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A9.17 Targeting the Expression of miR-146a in Mouse Inflammatory Ly6Chigh Monocyte Subset for Therapeutic Intervention in Arthritis
  1. M Ammari1,2,
  2. I Duroux-Richard1,2,
  3. J Presumey1,2,
  4. C Roubert3,
  5. V Escriou4,5,
  6. C Jorgensen1,2,6,
  7. F Apparailly1,2,6
  1. 1Inserm, U 844, 80 rue Augustin Fliche, F-34295 Montpellier, France
  2. 2University of Medicine, F-34000 Montpellier, France
  3. 3Exploratory Unit, Sanofi-Aventis R & D, 371 rue du professeur J Blayac, 34184 Montpellier, France
  4. 4Inserm, U 1022, UFR des Sciences Pharmaceutiques et Biologiques; 4Avenue de l’Observatoire, 75006 Paris, France
  5. 5CNRS, UMR8151, 75006 Paris, France
  6. 6University hospital of Montpellier, clinical unit for osteoarticular diseases, F-34295 Montpellier, France

Abstract

Background and Objectives Monocytes can give rise to different cell types including osteoclasts (OC), which play an important role in maintaining bone homeostasis by resorbing bone matrix. Circulating monocytes consist of at least two main functional subsets of immune cells, Ly6Chigh and Ly6Clow monocytes, arising from a common progenitor in the bone marrow. Excessive and prolonged activation of inflammatory LyC6high monocytes is a hallmark of many inflammatory diseases including arthritis. Among key molecular rheostats, micro (mi) RNAs are a class of regulatory RNAs that control basic biological functions and orchestrate inflammatory responses. Among master miRNAs of innate immunity, miR-146a exerts a negative retro-control on inflammation transduction signals and inhibits osteoclastogenesis. Despite aberrant increased expression in rheumatoid arthritis (RA), miR-146a is unable to properly down regulate inflammation, leading to prolonged TNF production and increased OC, two arthritis hallmarks. Here, we investigated whether miR-146a was differentially regulated in both Ly6Chigh and Ly6Clow monocyte subsets in healthy and arthritic conditions. Moreover, we developed techniques to deliver siRNA to LyC6high monocytes in vivo and thus determined the specific impact of miR-146a overexpression in this particular monocyte subset on inflammation and osteoclastogenesis, in the context of arthritis.

Materials and Methods Subset monocytes were isolated from peripheral blood of arthritic and healthy mice by FACS sorting following membrane stainings. Transcriptomic analyses for miRNA expression were performed (n = 6) and differential miRNA expression levels were validated on individual samples using multiplex RT-qPCR (n = 13). Collagen-induced arthritic (CIA) mice were injected intravenously at disease onset with lipoplex containing either control or miR-146a mimic (0.5 mg/kg). Arthritis severity was monitored and OC differentiation was performed by stimulating bone marrow-derived monocytes (BMDM) with M-CSF and RANK-L miR-146a expression levels measured during OC differentiation. TRAP activity, OC numbers and nuclei per OC were quantified.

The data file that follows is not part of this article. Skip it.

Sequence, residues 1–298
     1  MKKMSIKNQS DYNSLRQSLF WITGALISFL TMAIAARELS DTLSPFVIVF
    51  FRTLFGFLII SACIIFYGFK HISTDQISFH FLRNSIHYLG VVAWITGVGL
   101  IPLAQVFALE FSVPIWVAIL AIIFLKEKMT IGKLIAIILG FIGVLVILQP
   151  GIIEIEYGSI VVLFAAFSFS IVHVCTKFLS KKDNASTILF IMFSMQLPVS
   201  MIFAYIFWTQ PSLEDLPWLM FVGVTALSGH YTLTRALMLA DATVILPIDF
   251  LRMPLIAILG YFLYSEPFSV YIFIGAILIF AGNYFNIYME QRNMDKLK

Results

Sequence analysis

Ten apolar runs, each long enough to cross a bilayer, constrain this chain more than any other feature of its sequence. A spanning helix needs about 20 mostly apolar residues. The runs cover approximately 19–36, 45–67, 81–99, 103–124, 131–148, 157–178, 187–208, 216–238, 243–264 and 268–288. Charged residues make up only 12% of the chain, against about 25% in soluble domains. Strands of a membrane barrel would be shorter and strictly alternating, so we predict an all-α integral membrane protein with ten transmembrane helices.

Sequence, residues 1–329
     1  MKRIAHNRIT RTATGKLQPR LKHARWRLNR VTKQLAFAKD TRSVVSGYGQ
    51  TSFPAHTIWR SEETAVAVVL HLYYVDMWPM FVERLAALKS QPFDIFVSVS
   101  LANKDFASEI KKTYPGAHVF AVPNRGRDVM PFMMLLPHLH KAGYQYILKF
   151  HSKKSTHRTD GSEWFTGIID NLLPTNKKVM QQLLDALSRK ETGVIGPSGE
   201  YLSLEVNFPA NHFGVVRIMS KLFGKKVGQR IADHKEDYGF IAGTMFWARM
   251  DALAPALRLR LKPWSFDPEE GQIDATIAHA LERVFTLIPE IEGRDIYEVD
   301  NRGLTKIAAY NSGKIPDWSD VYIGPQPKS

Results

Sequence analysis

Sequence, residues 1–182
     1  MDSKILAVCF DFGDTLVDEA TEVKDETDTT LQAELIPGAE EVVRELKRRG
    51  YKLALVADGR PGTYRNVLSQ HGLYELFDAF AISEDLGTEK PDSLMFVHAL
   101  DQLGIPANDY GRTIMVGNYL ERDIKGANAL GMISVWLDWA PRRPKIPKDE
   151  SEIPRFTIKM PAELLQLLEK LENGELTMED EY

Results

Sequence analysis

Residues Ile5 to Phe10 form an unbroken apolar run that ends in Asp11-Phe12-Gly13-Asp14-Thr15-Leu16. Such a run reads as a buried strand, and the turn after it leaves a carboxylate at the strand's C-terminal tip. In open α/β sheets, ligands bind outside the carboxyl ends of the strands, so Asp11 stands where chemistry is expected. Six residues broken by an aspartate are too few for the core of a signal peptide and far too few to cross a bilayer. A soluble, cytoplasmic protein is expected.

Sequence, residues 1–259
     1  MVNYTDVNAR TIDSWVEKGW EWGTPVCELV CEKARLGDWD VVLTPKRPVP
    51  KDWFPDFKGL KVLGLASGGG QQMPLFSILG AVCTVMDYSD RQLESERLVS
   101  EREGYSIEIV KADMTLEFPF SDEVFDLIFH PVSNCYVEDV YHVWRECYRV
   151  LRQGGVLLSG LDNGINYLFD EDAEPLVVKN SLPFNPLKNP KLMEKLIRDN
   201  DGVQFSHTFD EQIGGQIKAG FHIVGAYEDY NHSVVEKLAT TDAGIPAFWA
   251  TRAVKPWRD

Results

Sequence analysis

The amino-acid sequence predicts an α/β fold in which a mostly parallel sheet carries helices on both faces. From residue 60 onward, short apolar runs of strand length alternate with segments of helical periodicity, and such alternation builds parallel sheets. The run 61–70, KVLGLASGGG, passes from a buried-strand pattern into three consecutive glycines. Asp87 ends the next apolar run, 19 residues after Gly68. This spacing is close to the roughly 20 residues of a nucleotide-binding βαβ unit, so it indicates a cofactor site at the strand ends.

Results Transcriptomic analyses showed higher expression of miR-146a in Ly6Clow monocytes when compared to Ly6Chigh monocytes, in both healthy and arthritis mice. In arthritis mice, expression of miR-146a in Ly6Chigh monocytes is down-regulated as compared to healthy controls. During differentiation of BMDM into OC, miR-146a expression levels are down-regulated on day 2. Enforced expression of miR-146a in Ly6Chigh monocytes upon intravenous injection of miR-146a-containing lipoplex leads to decreased bone erosion in mouse CIA. This effect was associated with a decreased number of mature OC and TRAP activity, as well as a reduced number of nuclei per OC.

Conclusions Overall, our results show that specific over-expression of miR-146a in Ly6Chigh monocytes alters OC differentiation and decreased bone erosion in mouse CIA. These data also suggest that Ly6Chigh monocytes might be the monocyte subset precursor of OC, and that targeting this specific monocyte subset might represent a therapeutic option in the context of arthritis to inhibit bone loss.

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